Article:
But African countries hoping to follow in the footsteps of India and China should be careful what they wish for
According to the IMF’s latest World Economic Outlook report published this month, Sub-Saharan Africa is forecast to grow by 5.6 per cent this year and 6.1 per cent next.
This is more than triple the forecast growth rate for the advanced economies of Europe, North America and Japan, and over four times the estimated growth rate for the UK. Only India and China are set to grow at a faster rate.
India and China’s impressive (if uncertain) growth forecasts are old news, but a list of the world’s fastest growing economies yields unexpected results. Can you guess which countries the IMF predicts will grow fastest in 2013-2017?
If you listed (in order, from 1-10) Sao Tome and Principe, South Sudan, Guinea, Bhutan, Mongolia, Iraq, Timor-Leste, Libya, China and Papua New Guinea, you are right, and you probably cheated.
Of course, many of these countries are starting from a low base, they are emerging economies and many are recovering from war or revolution or recent independence. An investor keen to take advantage of this growth will have to tread carefully, research thoroughly and be prepared for sudden reversals.
The same could be said for investing in Sub-Saharan Africa more generally — but there’s reason to think that foreign investors, who are tired of the developed world’s stagnant growth rates, are increasingly willing to take risks and invest further afield. In 2011, inflows of foreign direct investment (FDI) to developing countries reached a new peak of $684 billion, and developing countries now account for half of all FDI inflows.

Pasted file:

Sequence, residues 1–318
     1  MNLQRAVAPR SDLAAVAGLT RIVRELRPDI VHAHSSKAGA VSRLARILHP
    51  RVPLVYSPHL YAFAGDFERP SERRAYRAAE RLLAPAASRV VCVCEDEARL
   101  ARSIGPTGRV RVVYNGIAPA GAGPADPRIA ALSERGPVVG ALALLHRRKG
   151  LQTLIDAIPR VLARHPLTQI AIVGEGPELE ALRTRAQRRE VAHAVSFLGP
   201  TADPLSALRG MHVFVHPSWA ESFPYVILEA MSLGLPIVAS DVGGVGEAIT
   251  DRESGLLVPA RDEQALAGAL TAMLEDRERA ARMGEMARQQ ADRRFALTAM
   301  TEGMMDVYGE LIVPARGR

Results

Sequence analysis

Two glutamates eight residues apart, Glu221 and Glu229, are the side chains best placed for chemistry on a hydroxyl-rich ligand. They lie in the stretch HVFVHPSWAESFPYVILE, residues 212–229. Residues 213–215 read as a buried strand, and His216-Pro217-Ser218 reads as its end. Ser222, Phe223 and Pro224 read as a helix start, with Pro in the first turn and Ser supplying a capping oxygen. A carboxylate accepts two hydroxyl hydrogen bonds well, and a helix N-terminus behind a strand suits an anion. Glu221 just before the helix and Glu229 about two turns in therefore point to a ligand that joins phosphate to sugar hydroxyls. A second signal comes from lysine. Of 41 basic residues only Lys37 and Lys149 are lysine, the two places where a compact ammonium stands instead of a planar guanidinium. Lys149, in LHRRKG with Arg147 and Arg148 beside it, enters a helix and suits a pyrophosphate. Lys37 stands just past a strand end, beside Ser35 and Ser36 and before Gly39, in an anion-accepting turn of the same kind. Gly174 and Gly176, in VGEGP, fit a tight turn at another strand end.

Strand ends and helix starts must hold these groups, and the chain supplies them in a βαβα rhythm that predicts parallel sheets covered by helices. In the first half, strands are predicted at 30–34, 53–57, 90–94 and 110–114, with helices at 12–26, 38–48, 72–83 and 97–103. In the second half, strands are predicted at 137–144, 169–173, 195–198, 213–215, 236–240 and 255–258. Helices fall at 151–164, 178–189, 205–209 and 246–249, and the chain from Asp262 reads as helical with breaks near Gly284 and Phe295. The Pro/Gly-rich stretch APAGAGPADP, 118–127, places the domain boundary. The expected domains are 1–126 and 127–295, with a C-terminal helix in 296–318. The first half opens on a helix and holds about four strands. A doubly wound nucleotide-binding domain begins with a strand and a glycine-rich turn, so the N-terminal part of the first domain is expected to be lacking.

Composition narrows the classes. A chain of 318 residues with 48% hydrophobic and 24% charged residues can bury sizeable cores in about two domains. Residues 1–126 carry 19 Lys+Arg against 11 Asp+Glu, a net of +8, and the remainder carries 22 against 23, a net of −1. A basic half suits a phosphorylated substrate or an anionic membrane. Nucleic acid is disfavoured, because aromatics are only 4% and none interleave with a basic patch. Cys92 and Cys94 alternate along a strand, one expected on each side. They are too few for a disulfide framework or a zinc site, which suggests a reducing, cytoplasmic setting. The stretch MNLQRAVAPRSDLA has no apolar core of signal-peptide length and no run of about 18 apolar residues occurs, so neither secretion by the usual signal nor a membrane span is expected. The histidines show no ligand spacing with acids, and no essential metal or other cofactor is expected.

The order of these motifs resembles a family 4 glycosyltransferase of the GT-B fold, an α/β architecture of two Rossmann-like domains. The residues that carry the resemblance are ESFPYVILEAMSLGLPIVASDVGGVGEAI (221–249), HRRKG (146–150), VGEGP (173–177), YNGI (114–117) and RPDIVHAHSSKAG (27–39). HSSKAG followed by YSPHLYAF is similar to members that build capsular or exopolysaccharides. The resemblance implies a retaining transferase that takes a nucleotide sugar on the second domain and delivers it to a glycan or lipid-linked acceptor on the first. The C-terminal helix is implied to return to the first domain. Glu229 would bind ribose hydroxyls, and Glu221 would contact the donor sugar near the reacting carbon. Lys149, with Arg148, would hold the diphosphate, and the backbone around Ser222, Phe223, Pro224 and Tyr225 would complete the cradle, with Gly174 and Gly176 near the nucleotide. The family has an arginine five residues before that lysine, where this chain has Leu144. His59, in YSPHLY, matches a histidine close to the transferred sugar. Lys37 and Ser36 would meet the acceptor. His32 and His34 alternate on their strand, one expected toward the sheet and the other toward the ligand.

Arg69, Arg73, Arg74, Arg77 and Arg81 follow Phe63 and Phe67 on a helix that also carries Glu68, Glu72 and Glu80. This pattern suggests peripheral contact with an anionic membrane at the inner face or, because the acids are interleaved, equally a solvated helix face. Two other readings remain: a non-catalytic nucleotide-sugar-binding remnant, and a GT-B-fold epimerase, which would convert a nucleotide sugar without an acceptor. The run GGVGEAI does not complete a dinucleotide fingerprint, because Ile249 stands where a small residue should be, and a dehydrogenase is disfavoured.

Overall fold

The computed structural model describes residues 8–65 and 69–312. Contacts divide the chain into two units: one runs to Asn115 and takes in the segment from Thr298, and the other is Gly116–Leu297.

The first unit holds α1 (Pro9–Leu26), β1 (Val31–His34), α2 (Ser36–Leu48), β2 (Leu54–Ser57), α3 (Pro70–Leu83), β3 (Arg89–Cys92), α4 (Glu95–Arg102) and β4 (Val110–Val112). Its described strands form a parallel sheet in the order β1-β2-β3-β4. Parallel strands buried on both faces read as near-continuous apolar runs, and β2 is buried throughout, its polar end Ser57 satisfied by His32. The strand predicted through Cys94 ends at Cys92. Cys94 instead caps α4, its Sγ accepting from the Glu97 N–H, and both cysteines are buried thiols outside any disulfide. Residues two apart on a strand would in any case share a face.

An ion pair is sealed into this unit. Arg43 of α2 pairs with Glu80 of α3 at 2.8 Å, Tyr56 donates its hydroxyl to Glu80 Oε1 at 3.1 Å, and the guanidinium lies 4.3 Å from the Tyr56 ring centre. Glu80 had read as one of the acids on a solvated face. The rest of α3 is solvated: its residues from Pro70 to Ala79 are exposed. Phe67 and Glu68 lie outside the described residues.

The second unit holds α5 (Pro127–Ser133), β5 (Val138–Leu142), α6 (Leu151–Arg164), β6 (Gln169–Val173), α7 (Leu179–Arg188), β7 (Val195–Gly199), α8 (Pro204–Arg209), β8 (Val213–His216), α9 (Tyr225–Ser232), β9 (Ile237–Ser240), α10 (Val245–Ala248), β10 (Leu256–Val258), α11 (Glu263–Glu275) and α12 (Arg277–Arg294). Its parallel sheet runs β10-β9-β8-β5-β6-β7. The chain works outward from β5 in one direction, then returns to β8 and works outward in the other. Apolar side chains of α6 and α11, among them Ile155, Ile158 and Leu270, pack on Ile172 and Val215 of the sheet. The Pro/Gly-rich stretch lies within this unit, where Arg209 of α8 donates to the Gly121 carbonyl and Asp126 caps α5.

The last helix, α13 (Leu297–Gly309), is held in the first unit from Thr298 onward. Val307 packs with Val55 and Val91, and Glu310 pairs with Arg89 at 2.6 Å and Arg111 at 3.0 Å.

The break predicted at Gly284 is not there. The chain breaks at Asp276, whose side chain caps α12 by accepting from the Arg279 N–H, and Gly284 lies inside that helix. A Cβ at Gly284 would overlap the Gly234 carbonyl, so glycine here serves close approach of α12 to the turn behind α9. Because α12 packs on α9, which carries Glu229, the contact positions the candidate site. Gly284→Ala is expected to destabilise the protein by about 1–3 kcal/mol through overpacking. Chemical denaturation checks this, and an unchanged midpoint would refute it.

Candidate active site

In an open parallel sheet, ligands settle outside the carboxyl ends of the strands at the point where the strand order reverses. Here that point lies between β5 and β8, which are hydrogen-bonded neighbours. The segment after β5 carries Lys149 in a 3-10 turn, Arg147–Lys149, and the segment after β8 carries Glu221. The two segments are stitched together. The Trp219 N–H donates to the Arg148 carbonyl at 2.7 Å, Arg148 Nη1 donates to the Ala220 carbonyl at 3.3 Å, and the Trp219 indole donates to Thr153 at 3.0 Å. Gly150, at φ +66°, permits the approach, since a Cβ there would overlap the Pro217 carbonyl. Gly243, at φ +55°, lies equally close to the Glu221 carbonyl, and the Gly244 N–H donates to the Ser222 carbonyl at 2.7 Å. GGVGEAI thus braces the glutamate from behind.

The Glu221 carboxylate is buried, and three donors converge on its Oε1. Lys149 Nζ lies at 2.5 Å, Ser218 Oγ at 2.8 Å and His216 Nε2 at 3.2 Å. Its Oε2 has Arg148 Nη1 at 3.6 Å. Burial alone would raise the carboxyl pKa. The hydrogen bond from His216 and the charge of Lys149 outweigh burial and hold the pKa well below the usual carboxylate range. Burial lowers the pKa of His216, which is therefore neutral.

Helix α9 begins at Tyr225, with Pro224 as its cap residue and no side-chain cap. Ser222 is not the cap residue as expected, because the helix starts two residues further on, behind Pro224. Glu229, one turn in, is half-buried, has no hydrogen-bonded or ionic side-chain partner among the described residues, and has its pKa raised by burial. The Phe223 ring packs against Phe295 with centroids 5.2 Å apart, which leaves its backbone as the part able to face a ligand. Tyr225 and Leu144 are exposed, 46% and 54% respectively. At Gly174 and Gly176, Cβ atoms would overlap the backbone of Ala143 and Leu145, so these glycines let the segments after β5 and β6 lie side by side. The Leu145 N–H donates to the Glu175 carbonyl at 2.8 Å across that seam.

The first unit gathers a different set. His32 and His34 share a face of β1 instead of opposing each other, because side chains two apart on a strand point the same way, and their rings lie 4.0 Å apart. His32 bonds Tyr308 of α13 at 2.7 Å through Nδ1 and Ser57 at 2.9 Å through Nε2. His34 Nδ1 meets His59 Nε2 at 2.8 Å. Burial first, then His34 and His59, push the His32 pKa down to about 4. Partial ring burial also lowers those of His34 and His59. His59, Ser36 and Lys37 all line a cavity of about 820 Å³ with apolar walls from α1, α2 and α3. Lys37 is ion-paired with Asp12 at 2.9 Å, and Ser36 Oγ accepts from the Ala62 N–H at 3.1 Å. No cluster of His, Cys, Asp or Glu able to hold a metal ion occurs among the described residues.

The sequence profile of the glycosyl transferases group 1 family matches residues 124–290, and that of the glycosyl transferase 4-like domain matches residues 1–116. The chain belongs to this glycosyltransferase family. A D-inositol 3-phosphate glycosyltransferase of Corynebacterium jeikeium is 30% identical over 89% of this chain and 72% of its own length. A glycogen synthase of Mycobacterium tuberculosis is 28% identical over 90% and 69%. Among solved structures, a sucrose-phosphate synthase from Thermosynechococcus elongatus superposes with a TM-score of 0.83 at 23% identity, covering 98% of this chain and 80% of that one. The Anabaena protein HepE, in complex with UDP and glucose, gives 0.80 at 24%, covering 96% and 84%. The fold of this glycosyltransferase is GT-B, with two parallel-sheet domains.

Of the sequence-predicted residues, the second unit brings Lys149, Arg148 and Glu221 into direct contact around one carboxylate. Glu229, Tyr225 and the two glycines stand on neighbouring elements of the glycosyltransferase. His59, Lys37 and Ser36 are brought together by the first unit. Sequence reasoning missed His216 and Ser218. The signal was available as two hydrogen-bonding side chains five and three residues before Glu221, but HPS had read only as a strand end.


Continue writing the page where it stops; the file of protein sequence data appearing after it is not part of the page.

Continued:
You could argue that this is all good news for Africa, a continent that would benefit from investment of all kinds. You might hope that Africa’s growth path will mirror that of India or China’s. But there are nevertheless worries — foreign investment, if not carefully managed, can lead to lopsided development, enriching elites but further alienating the ordinary people left behind.
Both India and China have struggled to tackle poverty even while their GDPs have soared, and in the next few years they may well be forced to confront the limitations of this uneven growth. I hope that both foreign investors and policy makers across Sub-Saharan Africa will be watching very carefully.